FILE - This April 29, 2014, file photo, shows an Exxon sign at a Exxon gas station in Carnegie, Pa. 

(AP Photo/Gene J. Puskar, File)

Ascension and St. James parishes are in the running for a "world-scale" petrochemical complex that ExxonMobil Chemical Co. and the Saudi Basic Industries Corp. are considering building in either Louisiana or Texas.

An ExxonMobil spokeswoman said the company is working with state and local governments to identify a site. The company has met with officials from Ascension and St. James parishes, as well as leaders from Victoria and San Patricio counties in Texas. Victoria is within two hours' drive of Corpus Christi, Houston and Austin. San Patricio is near Corpus Christi.

“This investment being considered would have a transformational economic impact for the region and entire state of Louisiana,” said Adam Knapp, president and CEO of the Baton Rouge Area Chamber.

Knapp said the facility would be a "generational opportunity" that would further fortify the strength of the south Louisiana petrochemical industry globally.  

ExxonMobil Chemical and SABIC have worked together for 35 years in major chemical joint ventures in Saudi Arabia.

If developed, the Gulf Coast joint venture project would be located near natural gas sources as a feedstock and include a world-scale steam cracker and derivative units. No price tag or timeline were disclosed by the companies.

Both companies are early in the process of conducting studies and obtaining necessary permits, so it's too early to speculate on when a decision will be reached on building the plant, said Margaret Ross, a spokeswoman for ExxonMobil Chemical.

 “We have the capability to design a project with a unique set of attributes that would make it competitive globally," said Neil Chapman, president of ExxonMobil Chemical. "That is vitally important as most of the chemical demand growth in the next several decades is anticipated to come from developing economies.”

SABIC is based in Saudi Arabia and ranks among the world’s top petrochemical companies and producer of polyethylene, polypropylene, advanced thermoplastics, glycols, methanol and fertilizers. The company operates in more than 50 countries across the world with 40,000 employees.

SABIC doesn't have any manufacturing facilities in Louisiana or Texas, although its North American headquarters are in Houston. The company does have plastics manufacturing plants in Bay St. Louis, Mississippi, and Burkville, Alabama.

The company operates a styrene monomer manufacturing plant in Carville that is a joint venture with Total Petrochemicals. SABIC also owns a share of the Williams Olefins plant in Geismar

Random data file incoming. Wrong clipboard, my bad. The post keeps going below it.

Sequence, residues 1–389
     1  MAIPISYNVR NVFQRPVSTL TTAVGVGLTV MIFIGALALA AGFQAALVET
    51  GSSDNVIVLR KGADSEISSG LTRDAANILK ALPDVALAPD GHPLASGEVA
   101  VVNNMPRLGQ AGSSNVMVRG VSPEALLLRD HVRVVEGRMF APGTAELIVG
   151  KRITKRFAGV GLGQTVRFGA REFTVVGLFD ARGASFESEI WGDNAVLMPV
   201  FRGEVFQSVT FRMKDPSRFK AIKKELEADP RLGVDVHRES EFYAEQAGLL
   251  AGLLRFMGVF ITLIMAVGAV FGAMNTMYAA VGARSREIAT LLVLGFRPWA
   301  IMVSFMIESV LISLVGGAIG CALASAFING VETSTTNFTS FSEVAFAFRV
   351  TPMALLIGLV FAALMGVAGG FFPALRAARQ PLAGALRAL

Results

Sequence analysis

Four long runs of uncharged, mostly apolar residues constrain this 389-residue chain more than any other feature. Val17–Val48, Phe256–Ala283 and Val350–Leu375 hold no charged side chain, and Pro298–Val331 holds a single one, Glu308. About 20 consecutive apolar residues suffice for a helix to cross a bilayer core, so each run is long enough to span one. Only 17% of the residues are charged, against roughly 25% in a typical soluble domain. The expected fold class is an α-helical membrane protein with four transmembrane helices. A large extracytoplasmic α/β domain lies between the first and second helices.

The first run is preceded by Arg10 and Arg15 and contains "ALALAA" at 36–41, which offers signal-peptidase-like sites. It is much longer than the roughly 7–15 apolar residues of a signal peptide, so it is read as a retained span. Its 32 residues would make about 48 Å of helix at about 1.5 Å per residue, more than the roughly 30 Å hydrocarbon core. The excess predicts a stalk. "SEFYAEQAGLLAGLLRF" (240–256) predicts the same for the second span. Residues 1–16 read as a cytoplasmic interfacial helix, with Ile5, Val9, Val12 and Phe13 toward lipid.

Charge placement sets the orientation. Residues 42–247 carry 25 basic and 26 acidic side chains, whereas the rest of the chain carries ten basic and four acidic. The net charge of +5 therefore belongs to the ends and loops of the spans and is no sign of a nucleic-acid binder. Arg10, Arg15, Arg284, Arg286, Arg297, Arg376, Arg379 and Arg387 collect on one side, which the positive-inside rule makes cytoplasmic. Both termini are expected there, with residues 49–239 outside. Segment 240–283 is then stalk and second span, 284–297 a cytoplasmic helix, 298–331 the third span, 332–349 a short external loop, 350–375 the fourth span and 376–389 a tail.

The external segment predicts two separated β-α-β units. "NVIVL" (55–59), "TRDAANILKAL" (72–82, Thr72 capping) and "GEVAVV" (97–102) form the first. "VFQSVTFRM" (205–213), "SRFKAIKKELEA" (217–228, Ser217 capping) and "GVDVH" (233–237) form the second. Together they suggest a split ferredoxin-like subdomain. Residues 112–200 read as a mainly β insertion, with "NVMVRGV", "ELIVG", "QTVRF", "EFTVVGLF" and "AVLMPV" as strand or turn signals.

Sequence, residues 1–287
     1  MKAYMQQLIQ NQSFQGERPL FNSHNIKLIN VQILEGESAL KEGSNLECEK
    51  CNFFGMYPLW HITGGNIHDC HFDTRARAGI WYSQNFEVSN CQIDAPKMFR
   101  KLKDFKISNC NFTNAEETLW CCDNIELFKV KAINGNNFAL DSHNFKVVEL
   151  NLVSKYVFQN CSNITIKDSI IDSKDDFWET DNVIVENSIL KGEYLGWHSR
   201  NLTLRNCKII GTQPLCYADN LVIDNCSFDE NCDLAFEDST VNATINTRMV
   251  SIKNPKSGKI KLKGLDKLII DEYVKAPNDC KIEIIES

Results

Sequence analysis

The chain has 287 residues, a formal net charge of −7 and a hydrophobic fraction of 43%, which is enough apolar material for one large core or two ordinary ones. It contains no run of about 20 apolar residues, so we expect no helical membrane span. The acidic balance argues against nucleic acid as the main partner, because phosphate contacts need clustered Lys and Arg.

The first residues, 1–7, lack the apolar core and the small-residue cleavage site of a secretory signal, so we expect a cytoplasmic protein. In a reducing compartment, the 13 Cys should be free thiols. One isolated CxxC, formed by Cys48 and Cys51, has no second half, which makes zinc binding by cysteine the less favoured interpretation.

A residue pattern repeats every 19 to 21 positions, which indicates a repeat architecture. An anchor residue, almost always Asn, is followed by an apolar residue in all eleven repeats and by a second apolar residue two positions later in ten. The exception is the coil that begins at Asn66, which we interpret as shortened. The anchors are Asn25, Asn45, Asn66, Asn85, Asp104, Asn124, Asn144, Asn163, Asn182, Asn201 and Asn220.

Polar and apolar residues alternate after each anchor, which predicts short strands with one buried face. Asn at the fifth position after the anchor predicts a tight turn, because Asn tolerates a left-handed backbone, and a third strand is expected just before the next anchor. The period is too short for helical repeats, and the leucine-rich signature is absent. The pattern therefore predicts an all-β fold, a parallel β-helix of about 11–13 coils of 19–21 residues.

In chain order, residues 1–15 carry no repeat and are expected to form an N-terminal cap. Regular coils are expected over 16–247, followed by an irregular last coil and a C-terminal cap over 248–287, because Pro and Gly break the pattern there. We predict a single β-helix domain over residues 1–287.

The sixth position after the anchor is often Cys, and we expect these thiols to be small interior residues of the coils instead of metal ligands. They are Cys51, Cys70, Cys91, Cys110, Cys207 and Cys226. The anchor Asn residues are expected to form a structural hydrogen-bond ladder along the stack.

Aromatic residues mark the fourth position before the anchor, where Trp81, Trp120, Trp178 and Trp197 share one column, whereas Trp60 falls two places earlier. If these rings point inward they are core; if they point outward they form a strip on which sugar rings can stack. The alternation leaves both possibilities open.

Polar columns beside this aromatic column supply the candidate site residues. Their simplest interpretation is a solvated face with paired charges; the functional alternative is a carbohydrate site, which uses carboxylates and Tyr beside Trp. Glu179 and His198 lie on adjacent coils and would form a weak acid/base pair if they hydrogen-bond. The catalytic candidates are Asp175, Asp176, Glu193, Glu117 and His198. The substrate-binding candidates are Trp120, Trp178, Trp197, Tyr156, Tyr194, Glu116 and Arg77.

ExxonMobil Chemical Co. has manufacturing capacity in every major region of the world, serving large and growing markets. More than 90 percent of the company’s chemical capacity is integrated with large refineries or natural gas processing plants.

The company has chemical plants in Baton Rouge, Chalmette, Plaquemine and four facilities in Texas. 

Louisiana Economic Development Secretary Don Pierson would not discuss the potential plant, citing competitive reasons. Mike Eades, president and chief executive officer of the Ascension Economic Development Corp, also would not discuss the project. 

Ascension has several mega-sites capable of being home for a large-scale petrochemical plant. The 1,000-acre Schexnayder site at 2000 Gautreau Road in Donaldsonville and the 987-acre Pointe Sunshine site on La. 18 near Donaldsonville have been designated as Louisiana Economic Development Certified Sites. Certified sites are development-ready industrial locations that have completed a rigorous review process from LED and URS, an independent engineering firm.

The parish also is working to create a 17,000-acre industrial zone along the west bank of the Mississippi River, near the rural community of Modeste. Ascension is running out of room on the east bank of the river. 

Steve Nosacka, the mayor of Gramercy and economic development consultant for St. James Parish, said there are sites that would suit a large industrial development, but the parish has not focused on getting sites certified in advance. Instead, St. James officials prefer to bring landowners and potential tenants together and let them reach a deal to sell property. Nosacka said that strategy works in the parish, since the large tracts of land generally have single owners.

Follow Timothy Boone on Twitter, @TCB_TheAdvocate.